Although the power supply units I am going to review today have different wattage ratings, ranging from 600 to 850 watts, they are all designed for an above-average computer configuration. A typical office or mainstream home PC (with an entry-level CPU and graphics card, one or two HDDs and an optical drive) is going to be perfectly satisfied with just a high-quality 400-watt PSU.
So, I will be talking about products from four brands (two from Hiper and Scythe each, one Antec and one Enhance) which are meant for rather advanced configurations with high-performance CPUs and graphics cards. Those of them with the highest wattage ratings should even be able to cope with a gaming PC that has a multi-GPU graphics subsystem. But besides the wattage rating, there is the question of quality. That’s the issue I’m going to check out in this review.
Click the following link for a description of our testing methodology and equipment and a brief explanation of what the specified and tested parameters of power supplies mean: X-bit Labs Presents: Power Supply Units Testing Methodology. If you feel overwhelmed with the numbers and terms this review abounds in, refer to the Methodology.
You can also go to our Cases/PSU section to check out reviews of all other PSU models we have tested in our labs.
We will mark the actual power consumption of three system configurations (discussed in our article PC Power Consumption: How Many Watts Do We Need?) in the cross-load diagrams. This will help you see if the tested PSU can meet the requirements of a real-life PC.
Products of High Performance Group almost vanished from shop shelves some time ago, raising concerns about the future of this maker of rather good PSUs and system cases. Having changed its owner, the company is on the market again, and with a brand-new PSU line-up. It’s high time for us to test some of them.
First goes the M600, a medium model from Hiper’s mainstream series.
The M600 comes in a glossy cardboard box together with a power cord, two sets of fastening screws (ordinary and thumbscrews), a few reusable cable straps and a user manual. Quite sufficient accessories for a PSU.
The Hiper M600 has a rather ordinary appearance except for the red color of its fan highlighting: a matte black case, a black grille above a translucent fan, a meshed back panel. The rest of the panels are blank. Every cable is hidden into a black nylon sleeve.
The PSU is rather compact, its case just matching the size of the cooling fan. There is quite a lot of free space inside as you will see shortly.
The PSU looks nice when working, but you may want to make sure its red highlighting matches the highlighting of your other fans.
There is nothing extraordinary under the hood. The M600 represents a rather typical and inexpensive design without dedicated voltage regulation and with active PFC.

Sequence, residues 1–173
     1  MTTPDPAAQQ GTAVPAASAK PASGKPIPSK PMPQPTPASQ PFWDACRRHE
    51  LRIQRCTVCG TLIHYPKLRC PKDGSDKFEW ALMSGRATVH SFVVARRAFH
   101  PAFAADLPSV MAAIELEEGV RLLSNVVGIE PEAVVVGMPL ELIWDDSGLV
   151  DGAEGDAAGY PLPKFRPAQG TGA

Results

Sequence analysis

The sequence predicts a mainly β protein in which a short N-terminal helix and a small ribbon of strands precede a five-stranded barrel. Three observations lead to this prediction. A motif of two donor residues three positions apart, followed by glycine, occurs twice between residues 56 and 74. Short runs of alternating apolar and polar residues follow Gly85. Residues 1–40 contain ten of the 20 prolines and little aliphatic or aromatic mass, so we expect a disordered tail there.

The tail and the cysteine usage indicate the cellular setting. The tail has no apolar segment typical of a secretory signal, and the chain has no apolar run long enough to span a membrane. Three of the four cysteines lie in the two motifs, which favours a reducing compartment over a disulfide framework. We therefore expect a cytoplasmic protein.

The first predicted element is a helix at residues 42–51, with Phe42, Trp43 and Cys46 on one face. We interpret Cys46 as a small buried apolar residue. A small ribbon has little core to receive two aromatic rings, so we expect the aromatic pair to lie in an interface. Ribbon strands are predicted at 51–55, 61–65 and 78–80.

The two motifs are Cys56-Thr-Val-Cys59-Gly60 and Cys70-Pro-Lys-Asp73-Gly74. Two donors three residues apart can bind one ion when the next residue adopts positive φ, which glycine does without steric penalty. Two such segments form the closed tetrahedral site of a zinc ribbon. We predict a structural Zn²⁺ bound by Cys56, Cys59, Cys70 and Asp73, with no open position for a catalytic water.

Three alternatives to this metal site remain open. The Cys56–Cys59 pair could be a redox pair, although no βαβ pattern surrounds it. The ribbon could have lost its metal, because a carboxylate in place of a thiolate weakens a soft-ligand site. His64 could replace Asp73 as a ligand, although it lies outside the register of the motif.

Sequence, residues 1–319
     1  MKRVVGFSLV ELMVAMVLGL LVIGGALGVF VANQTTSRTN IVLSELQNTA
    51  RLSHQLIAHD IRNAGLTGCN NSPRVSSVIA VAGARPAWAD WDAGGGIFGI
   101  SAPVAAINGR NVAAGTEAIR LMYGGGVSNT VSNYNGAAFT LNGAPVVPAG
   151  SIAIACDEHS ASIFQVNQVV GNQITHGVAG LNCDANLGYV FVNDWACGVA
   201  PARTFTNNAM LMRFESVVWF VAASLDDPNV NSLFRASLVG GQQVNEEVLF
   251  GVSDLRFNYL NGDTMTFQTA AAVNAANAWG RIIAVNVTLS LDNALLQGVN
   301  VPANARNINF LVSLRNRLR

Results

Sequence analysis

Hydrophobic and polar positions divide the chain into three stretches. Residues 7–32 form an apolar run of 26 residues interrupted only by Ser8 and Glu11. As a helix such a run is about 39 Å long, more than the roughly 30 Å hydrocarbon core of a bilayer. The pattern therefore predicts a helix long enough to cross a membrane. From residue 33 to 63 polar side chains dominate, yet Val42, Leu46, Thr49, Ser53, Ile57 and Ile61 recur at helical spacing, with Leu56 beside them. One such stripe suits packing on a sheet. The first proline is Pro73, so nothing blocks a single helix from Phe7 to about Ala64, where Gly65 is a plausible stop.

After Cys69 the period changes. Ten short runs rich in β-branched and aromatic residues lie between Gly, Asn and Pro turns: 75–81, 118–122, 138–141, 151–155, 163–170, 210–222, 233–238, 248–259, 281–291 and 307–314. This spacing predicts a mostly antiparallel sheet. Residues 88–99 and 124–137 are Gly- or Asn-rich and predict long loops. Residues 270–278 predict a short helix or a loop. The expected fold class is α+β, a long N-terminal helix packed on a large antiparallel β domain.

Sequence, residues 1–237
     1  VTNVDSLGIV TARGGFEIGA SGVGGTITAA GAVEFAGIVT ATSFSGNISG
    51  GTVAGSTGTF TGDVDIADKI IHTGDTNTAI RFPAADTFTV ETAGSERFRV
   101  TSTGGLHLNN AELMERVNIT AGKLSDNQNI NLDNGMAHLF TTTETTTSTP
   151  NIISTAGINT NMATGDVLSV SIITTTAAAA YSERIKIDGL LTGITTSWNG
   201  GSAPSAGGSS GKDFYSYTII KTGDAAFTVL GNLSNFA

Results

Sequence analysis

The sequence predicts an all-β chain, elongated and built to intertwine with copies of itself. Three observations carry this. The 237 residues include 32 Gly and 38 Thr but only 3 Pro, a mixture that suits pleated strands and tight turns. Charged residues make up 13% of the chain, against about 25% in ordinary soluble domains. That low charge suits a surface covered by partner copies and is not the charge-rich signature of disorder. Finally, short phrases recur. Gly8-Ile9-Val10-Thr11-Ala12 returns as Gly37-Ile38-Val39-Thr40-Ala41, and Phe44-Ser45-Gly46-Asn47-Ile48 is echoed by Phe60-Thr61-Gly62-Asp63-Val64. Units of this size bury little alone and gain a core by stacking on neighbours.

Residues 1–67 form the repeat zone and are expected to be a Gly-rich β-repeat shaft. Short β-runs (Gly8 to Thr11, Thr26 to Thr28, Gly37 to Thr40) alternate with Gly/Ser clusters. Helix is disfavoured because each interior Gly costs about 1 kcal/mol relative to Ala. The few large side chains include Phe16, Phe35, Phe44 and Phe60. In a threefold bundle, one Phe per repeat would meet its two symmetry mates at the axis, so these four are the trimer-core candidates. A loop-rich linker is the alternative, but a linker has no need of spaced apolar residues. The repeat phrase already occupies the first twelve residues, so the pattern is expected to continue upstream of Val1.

The PCB that all the components are mounted on is quite small, leaving some free space at the front and back of the case; the component density isn’t high.
The PSU uses rather high-quality Teapo capacitors at the output and less expensive Jun Fu capacitors elsewhere.
The Hiper M600 is based on the Andyson Performance F series platform.
Cables and Connectors
The M600 is equipped with the following cables and connectors:
- One mainboard cable with a 20+4-pin connector (50 cm)
- One mainboard cable with a 4+4-pin connector (50 cm)
- One graphics card cable with two 6+2-pin connectors (40+15 cm)
- One cable with two PATA power connectors and one floppy-drive plug (40+15+15 cm)
- Two cables with two SATA and one PATA power connector on each (40+15+15 cm)
- One cable with two SATA power connectors (40+15 cm)
The cables aren’t very long, making the M600 not the best choice for large system cases, especially those with a bottom PSU bay and a dedicated cable compartment. On the other hand, the selection of connectors is quite sufficient and it’s handy that most of the peripheral cables have connectors of different types.
The Hiper M600 can hardly impress you with its specs. It can only give you 432 watts across the +12V power rail, which has the highest load in modern computers, out of the total of 581.5 watts it can deliver across the +3.3, +5 and +12V rails combined (the -12V line and +5V standby source provide the remaining 18.5 watts to meet the 600-watt specification).
On the other hand, we can note that the specifications allow for maximum load on all of the power rails simultaneously, which is an unrealistic situation. It seems that people at Hiper wanted to kill two birds with one stone: to write a high wattage rating into the product specs and to do so without saying any blatant lies. With such a modest max load on the +12V rail, this PSU would be marked as 500 or even 450 watts by a first-tier brand because it can hardly yield any more in a real-life computer, even if it fully complies with its own specs.
The maximum short-term load the PSU supports is specified to be 650 watts.